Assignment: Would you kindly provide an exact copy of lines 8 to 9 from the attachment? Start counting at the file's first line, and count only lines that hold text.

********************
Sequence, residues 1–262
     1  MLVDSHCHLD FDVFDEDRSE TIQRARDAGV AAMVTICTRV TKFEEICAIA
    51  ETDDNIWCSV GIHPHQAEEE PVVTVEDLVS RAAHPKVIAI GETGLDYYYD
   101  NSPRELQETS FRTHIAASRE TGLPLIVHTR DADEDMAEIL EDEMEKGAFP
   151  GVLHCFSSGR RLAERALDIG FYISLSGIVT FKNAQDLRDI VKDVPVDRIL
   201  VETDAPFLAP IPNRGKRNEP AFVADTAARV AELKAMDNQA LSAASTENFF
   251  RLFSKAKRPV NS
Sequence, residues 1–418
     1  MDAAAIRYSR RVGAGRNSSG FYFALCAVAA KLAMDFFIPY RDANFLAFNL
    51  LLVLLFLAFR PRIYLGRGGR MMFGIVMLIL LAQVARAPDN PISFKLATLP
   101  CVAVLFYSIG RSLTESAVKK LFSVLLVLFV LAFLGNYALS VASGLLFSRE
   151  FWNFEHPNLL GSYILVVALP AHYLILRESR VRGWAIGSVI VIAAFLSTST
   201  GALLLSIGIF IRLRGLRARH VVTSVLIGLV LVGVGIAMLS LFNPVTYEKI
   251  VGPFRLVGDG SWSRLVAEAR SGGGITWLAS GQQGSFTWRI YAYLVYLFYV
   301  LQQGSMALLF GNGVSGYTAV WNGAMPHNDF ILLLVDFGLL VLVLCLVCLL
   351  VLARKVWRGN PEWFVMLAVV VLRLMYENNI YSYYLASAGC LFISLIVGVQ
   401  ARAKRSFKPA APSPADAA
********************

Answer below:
Sequence, residues 1–418
     1  MDAAAIRYSR RVGAGRNSSG FYFALCAVAA KLAMDFFIPY RDANFLAFNL